The form of the music is the common structure AB, in it's essence. Given some more detail, it is actually an intro (not included in the score for the sake of simplicity), followed by A for eight measures, then a variation of A (commonly referred to as an " A prime " or " A' " section) for another eight measures, followed by the final B section for the last eight measures before repeating. Pretty basic stuff, at first glance, but it's important to understand the direction of the music - Kenji Kondo has done some very interesting things within this structure.

The A and A' section form an antecedent/consequent phrase, as I've discussed it in the Mario analysis. However, this deviates from the normal antecedent/consequent phrase - the consequent does not end with a resolution, as it should. Instead, the entire B section prolongs the supposed resolution of the music, finally completing the resolution in the last two measures of that section before repeating. Strangely, at the same time it also creates a tension at the same time. How can something create both tension and a resolution at the same time? I will explain this in more detail in the melodic and harmonic analysis.

Motivic Analysis

Motives.jpg?t=1254382073

There are a few choice motives that threads the entire song into a unified whole. The first motive shown is the descending step motive - it is the primary basic motive of the piece, and everything in it is based on that single motive. The next motive is the leap of a third up, followed by the leap of a fourth down. You'll notice that I color the first and last note of that motive differently, as that accents the fact that this is a variation of the first motive (it inserts a leap in the middle of it). The reason that I include it as a separate motive is because the music often plays off of the leap in significant ways - thus, it's prudent to include it as it's own separate motive.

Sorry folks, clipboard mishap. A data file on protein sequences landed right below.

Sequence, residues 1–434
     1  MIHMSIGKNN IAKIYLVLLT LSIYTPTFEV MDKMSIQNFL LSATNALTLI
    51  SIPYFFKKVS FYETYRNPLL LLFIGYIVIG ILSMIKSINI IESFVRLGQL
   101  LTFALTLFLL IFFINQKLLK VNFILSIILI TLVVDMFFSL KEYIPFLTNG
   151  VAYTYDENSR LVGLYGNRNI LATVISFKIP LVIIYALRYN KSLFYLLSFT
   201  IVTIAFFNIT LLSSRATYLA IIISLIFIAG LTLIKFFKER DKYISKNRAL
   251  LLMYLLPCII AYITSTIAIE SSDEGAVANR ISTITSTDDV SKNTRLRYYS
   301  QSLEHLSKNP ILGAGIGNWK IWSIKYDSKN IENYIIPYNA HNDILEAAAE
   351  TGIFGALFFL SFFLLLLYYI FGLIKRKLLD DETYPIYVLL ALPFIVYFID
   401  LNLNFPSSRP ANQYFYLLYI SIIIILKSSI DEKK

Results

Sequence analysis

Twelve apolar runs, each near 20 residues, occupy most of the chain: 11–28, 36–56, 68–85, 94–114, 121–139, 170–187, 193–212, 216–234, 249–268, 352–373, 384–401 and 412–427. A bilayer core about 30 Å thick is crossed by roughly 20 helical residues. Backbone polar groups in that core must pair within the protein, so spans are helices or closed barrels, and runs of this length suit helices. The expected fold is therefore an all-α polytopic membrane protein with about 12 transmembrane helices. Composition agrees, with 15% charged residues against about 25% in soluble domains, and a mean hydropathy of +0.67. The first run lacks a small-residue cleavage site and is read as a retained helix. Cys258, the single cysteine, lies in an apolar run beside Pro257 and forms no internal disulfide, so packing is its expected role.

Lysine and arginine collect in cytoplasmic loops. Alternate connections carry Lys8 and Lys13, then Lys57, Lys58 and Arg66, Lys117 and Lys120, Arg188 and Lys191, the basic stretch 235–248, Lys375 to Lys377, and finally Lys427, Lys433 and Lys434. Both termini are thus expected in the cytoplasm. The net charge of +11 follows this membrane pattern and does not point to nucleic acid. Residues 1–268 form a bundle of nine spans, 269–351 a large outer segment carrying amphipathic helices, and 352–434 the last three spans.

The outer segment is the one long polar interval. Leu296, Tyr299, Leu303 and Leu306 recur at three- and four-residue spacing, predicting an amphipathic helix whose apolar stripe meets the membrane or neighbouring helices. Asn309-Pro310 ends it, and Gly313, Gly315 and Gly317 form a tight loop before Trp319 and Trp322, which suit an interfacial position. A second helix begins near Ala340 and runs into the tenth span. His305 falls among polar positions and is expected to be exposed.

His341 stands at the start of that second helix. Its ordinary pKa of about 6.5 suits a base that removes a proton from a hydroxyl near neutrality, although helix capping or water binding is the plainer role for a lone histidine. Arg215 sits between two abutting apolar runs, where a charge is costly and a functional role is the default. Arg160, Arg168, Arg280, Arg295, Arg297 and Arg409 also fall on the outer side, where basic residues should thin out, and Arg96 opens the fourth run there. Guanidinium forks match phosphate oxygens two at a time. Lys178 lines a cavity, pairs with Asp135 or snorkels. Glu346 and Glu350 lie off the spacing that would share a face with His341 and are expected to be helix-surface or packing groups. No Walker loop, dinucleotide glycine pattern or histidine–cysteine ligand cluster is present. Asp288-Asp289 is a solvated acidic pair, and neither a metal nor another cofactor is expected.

The third motive isn't any different from the first motive - in fact, one could rightly say that it's simply the first motive repeated twice in order to create a descending progression. It is used so often in the music in this very fashion that I included it as a separate motive. It has some significance to the harmonic development of the piece.

Melodic Analysis

Melody.jpg?t=1254382133

In order to present each motive in a clean fashion, the motivic and harmonic analysis do not present rhythms - instead, barrings and hollow notes will represent something important in the music. Be aware of that when looking at the analysis.

Almost anybody who listens to this piece could tell you that it's a tonal piece of work. However, I can assure you that asking them what key it's in would baffle people (like it did for me and the others involved in the discussion of this song earlier in this thread). That is because it, in fact, often uses properties from two keys simultaneously. Melodically it makes sense to analyze it in one tonal area, while harmonically it makes sense to analyze it in another tonal area. This is called 'Bitonality', and it was common in neo-classical music (developed around 1920 - 1940). In this case, the two keys are 'C' and 'F', which are related by perfect fourth/perfect fifth, so they do not sound too harsh. However, the further along the circle of fifths you make your bitonality, the more extreme the sound will be (for example, 'C' and 'F#', because they are seven perfect fifths apart, would sound very harsh, while 'C' and 'D', two perfect fifths apart, would sound mild, in comparison). Because of the bitonality, I will analyze the music in both keys and explain why I favor one analysis over another.

The intro has an interesting combination of motives as well as an interesting combination of tonalities. The general shape of both the melody and the bass is a retrograde of the leaping motive (meaning it's the same as the motive, except it's backwards), and the shaping of the melodic line repeats the descending stepwise motive. Another very interesting point is the very interesting voice exchange that takes place with the melody and the middle voice (represented by the arrows) - the melody moves from the C to the F while the middle voice moves from the F to a Bb. The melody used the voice exchange to complete the retrograde motive explained earlier (leading into it using an inverted leaping motive, by the way). The middle voice, however, takes advantage of the descending motion it has created with the melody now and completes the third motive I discussed above - the longer descending motive. The intro of the piece combines all of the motives together in a very interesting fashion that paves the way for the rest of the piece.